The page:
Title:
Daylily Plant Named 'Happy days are here again'
Kind Code:
P1
Abstract:
A new and distinct Hemerocallis cultivar of the dormant type is provided. The new cultivar is very floriferous and forms attractive ruffled clean light yellow flowers displaying substantial substance, and a funnel-shaped form over an extended period of time. In U.S.D.A. Hardiness Zone No. 6, blooming commonly begins during late June and commonly ends in mid-September. The new cultivar displays a plurality of fans and a plurality of scapes per fan. In excess of 12 buds commonly are formed per scape. The new cultivar is well suited for growing as distinctive colorful ornamentation in the landscape.


Inventors:
Apps, Darrel A. (Wild Rose, WI, US)
Application Number:
14/121519
Publication Date:
03/17/2016
Filing Date:
09/15/2014
Assignee:
BlewLine Nursery, Inc. (Bridgeton, NJ, US)
Primary Class:
International Classes:
A01H5/00
View Patent Images:
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Claims:
I claim:

1. A new and distinct cultivar of Hemerocallis plant of the dormant type, which: (a) forms attractive ruffled clean light yellow flowers having substantial substance, and a funnel-shaped form, (b) possesses a long blooming season with substantially multiple repeat blooming, (c) exhibits a propensity to readily display a plurality of fans, and (d) readily forms a plurality of scapes per fan over the flowering season; substantially as illustrated and described.

Description:

BOTANICAL/COMMERCIAL CLASSIFICATION

Hemerocallis hybrida/Daylily

VARIETAL DENOMINATION

cv. Happy Days Are Here Again

SUMMARY OF THE INVENTION

The present invention comprises a new and distinct cultivar of Hemerocallis plant of the dormant type, and hereinafter is referred to by the cultivar name ‘Happy Days Are Here Again’.

The new cultivar is the product of a planned breeding program which had as its objective the creation of a new Daylily cultivar that is intended for use as attractive ornamentation in the landscape.

The cross that resulted in the production of the new cultivar of the present invention was carried out in a controlled environment during May, 2006, at Bridgeton, N.J., U.S.A. The female parent (i.e., the seed parent) of the new cultivar was the ‘Early And Often’ cultivar (non-patented in the United States) which displays dull orange flowers. Such female parent is registered with the American Hemerocallis Society.

The male parent (i.e., the pollen parent) of the new cultivar was an unnamed seedling (non-patented in the United States) that was the product of the cross of a pair of unnamed and unreleased Hemerocallis plants (non-patented in the United States) displaying yellow flowers of less than optimum substance.

The parentage of the new cultivar of the present invention can be summarized as follows:


‘Early And Often’×Unnamed Seedling.

The seeds resulting from the above pollination were sown and small plantlets were obtained which were physically and biologically different from each other. A number of such plants were transplanted into the field at Bridgeton, N.J., U.S.A., during June 2007. Selective study during May-June 2008 resulted in the identification of a single plant of the new cultivar.

It was found that the new Hemerocallis plant of the present invention is of the dormant type:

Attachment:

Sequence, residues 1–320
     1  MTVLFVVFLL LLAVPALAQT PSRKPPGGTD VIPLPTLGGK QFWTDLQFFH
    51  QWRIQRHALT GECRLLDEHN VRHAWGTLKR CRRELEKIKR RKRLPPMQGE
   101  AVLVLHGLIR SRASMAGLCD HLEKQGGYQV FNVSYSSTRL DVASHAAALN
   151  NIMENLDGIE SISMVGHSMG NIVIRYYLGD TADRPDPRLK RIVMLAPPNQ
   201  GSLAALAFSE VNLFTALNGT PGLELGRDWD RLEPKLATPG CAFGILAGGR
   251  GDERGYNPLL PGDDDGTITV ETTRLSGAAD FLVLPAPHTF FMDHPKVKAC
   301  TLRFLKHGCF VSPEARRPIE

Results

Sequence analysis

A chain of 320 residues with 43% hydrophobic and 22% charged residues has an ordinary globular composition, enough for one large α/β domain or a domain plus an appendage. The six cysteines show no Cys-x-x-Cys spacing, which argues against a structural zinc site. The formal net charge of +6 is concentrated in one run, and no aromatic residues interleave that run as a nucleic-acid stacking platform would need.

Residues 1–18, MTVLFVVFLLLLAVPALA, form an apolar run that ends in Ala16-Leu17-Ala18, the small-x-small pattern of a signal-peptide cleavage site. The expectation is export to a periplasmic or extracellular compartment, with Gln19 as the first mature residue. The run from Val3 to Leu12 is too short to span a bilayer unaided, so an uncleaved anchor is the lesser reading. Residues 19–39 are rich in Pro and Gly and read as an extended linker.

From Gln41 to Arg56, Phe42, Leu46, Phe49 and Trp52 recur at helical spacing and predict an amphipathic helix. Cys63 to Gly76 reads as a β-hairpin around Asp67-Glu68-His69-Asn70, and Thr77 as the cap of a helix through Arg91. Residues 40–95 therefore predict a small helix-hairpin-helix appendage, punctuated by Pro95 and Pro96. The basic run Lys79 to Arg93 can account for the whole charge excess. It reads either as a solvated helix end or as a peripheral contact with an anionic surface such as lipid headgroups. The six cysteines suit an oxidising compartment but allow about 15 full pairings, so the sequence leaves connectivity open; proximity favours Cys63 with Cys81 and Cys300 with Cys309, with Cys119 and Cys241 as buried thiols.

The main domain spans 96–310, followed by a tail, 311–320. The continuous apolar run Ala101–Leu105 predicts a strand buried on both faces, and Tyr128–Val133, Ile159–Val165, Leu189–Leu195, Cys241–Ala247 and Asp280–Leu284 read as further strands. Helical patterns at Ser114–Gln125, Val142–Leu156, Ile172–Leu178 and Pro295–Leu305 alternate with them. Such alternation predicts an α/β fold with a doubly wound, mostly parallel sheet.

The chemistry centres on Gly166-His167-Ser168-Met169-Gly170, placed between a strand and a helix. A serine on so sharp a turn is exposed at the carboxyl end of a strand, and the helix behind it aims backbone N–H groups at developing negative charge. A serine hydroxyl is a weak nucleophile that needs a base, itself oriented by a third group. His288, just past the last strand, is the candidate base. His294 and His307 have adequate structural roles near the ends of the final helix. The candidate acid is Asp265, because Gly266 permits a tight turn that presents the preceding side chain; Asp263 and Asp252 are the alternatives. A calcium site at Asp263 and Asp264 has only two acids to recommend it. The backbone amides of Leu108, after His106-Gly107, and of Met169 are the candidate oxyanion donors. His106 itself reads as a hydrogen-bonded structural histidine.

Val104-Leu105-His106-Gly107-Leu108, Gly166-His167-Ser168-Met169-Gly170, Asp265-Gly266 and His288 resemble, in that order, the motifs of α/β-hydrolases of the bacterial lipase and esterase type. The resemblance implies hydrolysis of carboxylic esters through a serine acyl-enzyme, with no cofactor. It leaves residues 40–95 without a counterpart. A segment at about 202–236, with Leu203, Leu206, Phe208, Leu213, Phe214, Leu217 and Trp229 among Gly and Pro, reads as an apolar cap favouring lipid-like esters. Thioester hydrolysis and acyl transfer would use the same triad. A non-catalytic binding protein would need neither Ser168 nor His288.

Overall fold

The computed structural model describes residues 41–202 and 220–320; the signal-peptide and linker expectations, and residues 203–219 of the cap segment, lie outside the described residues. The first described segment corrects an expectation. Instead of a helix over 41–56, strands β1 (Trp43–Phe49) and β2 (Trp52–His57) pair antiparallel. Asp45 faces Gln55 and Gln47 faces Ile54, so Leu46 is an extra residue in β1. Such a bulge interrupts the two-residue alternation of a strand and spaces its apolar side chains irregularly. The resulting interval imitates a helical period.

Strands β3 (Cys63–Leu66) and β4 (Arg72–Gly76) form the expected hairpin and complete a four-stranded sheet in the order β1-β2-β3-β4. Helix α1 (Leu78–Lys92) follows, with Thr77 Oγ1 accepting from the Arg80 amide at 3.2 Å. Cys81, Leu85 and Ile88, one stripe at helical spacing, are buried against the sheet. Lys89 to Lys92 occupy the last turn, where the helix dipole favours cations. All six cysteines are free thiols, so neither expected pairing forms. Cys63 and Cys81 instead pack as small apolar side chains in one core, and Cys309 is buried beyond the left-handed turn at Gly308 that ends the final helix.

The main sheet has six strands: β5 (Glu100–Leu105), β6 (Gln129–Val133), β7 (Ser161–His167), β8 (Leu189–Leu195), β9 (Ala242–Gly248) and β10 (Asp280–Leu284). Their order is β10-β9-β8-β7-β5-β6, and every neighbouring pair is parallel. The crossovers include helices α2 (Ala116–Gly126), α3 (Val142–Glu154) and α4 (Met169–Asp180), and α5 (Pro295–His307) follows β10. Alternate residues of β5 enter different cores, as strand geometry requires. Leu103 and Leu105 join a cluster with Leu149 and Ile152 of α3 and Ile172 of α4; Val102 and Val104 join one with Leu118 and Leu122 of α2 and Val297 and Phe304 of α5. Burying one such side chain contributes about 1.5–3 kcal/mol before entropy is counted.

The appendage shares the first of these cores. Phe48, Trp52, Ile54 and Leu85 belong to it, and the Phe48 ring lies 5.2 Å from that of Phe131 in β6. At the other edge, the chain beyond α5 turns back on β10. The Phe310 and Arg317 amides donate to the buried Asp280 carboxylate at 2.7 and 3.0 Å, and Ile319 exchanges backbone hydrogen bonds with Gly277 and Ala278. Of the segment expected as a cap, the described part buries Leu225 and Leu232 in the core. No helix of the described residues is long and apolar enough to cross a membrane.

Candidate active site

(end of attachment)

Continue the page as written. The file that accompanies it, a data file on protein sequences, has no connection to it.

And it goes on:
(a) forms attractive ruffled clean light yellow flowers having substantial substance, and a funnel-shaped form,

(b) possesses a long blooming season with substantially multiple repeat blooming,

(c) exhibits a propensity to readily display a plurality of fans, and

(d) readily forms a plurality of scapes per fan over the flowering season.

The ‘Happy Days Are Here Again’ cultivar resembles some well-known cultivars, such as the ‘Stella D' Oro’ cultivar (non-patented in the United States) and the ‘Happy Returns’ cultivar (non-patented in the United States) in the sense that it commonly possesses an unusually long and substantially continuous blooming season (i.e., a multiple repeat character) of up to approximately 90 days in U.S.D.A. Hardiness Zone No. 6. Such blooming commonly begins during late June and commonly ends in mid-September. This compares to a bloom period of less than about 30 days for over 99 percent of the hybrid Daylilies that presently are available in the trade.

As indicated, the ‘Happy Days Are Here Again’ plant exhibits attractive ruffled clean yellow flowers. Such flowers can be readily distinguished from the orange-yellow flowers of the ‘Stella D' Oro’ cultivar, and the medium yellow flowers of the ‘Happy Returns’ cultivar. To the best knowledge of the originator, the ‘Happy Days Are Here Again’ cultivar is the first long and substantially continuously blooming Daylily having flowers that exhibit such a clean light yellow hue combined with substantial flower substance on a substantial scape.

The new cultivar can form up to 8 or more fans per year. This compares to approximately 6 to 8 fans per year for the ‘Stella D' Oro’ cultivar and the ‘Happy Returns’ cultivar. Most Daylily cultivars form only approximately 2 to 3 fans per year. Also, the new cultivar commonly forms several scapes per fan during the flowering season, unlike most Daylilies that commonly produce only one scape per fan.

Asexual reproduction of the new cultivar by division was initially carried out on Sep. 1, 2008 at Bridgeton, N.J., U.S.A. At the time of such asexual reproduction the original plant of the new cultivar consisted of a clump of eight fans that were phenotypically identical to each other. More specifically, the clump of the new cultivar was removed from the field and the fans were divided. It has been demonstrated that the characteristics of the new cultivar are firmly fixed and are well retained following this asexual reproduction.

The ‘Happy Days Are Here Again’ plant has not been observed under all possible environmental conditions to date. Accordingly, it is possible that the phenotype may vary somewhat with variations in the environment, such as temperature, light, day length, contact with pesticides, etc.

The new ‘Happy Days Are Here Again’ cultivar will be marketed by the Assignee under the HAPPY EVER APPSTER trademark beginning in May 2015.